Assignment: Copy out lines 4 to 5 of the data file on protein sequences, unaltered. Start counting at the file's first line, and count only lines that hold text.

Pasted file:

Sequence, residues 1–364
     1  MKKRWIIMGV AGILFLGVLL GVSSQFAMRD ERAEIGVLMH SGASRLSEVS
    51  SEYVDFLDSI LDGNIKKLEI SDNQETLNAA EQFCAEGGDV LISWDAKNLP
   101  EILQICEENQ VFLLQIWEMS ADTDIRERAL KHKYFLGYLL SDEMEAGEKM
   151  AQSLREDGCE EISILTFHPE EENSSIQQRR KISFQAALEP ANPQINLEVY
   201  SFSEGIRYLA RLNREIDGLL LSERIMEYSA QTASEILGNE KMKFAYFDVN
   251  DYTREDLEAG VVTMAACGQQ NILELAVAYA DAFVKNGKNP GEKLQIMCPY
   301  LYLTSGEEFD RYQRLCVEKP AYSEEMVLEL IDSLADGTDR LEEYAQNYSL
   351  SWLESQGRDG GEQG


   101  EILQICEENQ VFLLQIWEMS ADTDIRERAL KHKYFLGYLL SDEMEAGEKM
   151  AQSLREDGCE EISILTFHPE EENSSIQQRR KISFQAALEP ANPQINLEVY